My New Book!

My New Book!
My New Book!

Saturday, December 9, 2023

December 9-10, 2023: Crowd-sourced Board Game Studying

[On December 1, 1948, a Connecticut inventor named James Brunot copyrighted a new board game called Scrabble. Like many great games Scrabble has endured and grown ever since, so for the 75th anniversary of that pivotal moment I’ve AmericanStudied it and a handful of other board games. Leading up to this crowd-sourced post on those and other great games—add your thoughts in comments!]

Larry Rosenwald follows up Monday’s post on Scrabble, writing, “Not part of what you'll cover, but it's always puzzled me that I'm so bad at Scrabble - I mean, I'm good with words in lots of ways, but winning at Scrabble requires (and cultivates) very specific skills, which I don't have.”

Betsy Cazden adds, “I had no idea Scrabble was a brand new thing during my childhood! We played it a lot.”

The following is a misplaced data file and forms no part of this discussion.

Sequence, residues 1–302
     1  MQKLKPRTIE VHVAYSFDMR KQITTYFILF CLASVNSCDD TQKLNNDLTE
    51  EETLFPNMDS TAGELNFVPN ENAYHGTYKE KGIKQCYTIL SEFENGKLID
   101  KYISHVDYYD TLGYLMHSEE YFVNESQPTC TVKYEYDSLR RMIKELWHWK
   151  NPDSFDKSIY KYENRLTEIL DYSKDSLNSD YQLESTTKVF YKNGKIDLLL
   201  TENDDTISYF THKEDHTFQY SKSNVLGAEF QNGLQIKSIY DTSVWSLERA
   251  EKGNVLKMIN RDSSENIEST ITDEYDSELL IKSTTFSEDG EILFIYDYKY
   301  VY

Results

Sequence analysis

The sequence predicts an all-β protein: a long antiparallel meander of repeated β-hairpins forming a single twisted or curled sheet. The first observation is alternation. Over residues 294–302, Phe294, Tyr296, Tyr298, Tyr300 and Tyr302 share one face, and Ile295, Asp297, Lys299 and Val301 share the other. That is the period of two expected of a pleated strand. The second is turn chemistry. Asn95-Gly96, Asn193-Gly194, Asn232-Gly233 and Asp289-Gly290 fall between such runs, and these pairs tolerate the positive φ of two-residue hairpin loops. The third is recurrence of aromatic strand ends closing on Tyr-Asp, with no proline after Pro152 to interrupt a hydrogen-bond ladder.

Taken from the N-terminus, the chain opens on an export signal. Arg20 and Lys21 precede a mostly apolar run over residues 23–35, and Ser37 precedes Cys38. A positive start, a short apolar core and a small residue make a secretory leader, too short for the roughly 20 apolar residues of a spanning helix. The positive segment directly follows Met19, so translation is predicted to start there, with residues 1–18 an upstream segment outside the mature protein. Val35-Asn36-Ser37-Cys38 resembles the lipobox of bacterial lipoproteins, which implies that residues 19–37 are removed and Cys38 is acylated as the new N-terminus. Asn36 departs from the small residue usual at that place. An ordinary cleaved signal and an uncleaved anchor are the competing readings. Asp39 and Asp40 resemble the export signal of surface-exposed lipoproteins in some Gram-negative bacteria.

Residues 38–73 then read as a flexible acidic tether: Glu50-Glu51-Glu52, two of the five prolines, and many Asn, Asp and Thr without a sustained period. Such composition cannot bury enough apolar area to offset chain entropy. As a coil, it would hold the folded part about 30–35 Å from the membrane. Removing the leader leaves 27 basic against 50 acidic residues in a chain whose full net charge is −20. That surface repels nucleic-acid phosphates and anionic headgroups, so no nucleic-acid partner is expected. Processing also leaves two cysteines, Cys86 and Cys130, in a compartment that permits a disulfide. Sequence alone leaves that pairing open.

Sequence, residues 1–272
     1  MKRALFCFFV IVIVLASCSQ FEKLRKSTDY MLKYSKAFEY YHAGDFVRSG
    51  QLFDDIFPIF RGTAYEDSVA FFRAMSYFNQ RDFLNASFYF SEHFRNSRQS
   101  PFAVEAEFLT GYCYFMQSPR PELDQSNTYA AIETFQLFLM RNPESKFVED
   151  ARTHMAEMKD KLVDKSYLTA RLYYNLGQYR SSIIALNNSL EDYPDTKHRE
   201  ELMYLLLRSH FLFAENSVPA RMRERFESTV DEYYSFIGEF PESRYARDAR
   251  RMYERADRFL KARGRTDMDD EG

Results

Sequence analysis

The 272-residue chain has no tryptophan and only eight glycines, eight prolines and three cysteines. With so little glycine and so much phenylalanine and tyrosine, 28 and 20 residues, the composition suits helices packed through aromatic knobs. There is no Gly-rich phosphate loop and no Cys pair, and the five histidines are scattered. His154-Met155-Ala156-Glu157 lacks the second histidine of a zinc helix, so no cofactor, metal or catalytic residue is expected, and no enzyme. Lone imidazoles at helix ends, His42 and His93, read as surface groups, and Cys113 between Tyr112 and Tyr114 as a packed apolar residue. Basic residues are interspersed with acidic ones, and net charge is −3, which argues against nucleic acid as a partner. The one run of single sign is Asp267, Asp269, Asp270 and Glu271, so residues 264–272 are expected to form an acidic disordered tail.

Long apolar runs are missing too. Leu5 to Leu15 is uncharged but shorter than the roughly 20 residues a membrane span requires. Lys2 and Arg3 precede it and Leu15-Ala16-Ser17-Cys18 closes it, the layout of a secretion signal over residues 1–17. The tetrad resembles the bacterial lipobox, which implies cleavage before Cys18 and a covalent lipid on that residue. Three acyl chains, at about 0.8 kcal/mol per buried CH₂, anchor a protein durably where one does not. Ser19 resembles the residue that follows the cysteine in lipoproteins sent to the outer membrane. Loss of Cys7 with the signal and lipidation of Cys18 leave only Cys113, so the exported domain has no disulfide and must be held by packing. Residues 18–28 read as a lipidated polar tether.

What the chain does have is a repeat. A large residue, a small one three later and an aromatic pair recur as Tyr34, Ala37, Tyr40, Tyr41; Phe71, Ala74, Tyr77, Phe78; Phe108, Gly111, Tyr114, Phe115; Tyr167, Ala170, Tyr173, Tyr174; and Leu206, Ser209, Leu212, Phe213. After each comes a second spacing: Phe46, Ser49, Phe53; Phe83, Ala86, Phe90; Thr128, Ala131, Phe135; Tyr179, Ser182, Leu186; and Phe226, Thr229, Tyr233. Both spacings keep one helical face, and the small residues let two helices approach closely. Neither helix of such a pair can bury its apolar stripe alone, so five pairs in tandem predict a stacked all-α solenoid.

Ashlee Rhodes follows up Tuesday’s post on Monopoly, highlighting this podcast episode on the game’s origins.

Other BoardGameStudying takes:

Katherine N. Yngve highlights, “Settlers of Catan, maybe from a post-colonial perspective?” On a different note, she adds, “I think I learned from playing the board game 1776 that defeating the British is hard. How does the USA event exist?????”

Paul T.  Miller goes with Masterpiece, “a game that ostensibly helps one learn about art but is really an exercise in unbridled capitalism with profiles of uber wealthy and social dilettantes acquiring paintings the rest of everyone couldn't imagine even traveling to see in a museum. the game has million dollar bills!”

And Dr. Captain Abraham Tweets that “card and board games that are all about feelings and interpersonal communication capture America in the early 1970s perfectly.”

Next series starts Monday,


PS. What do you think? Other games you’d highlight?

No comments:

Post a Comment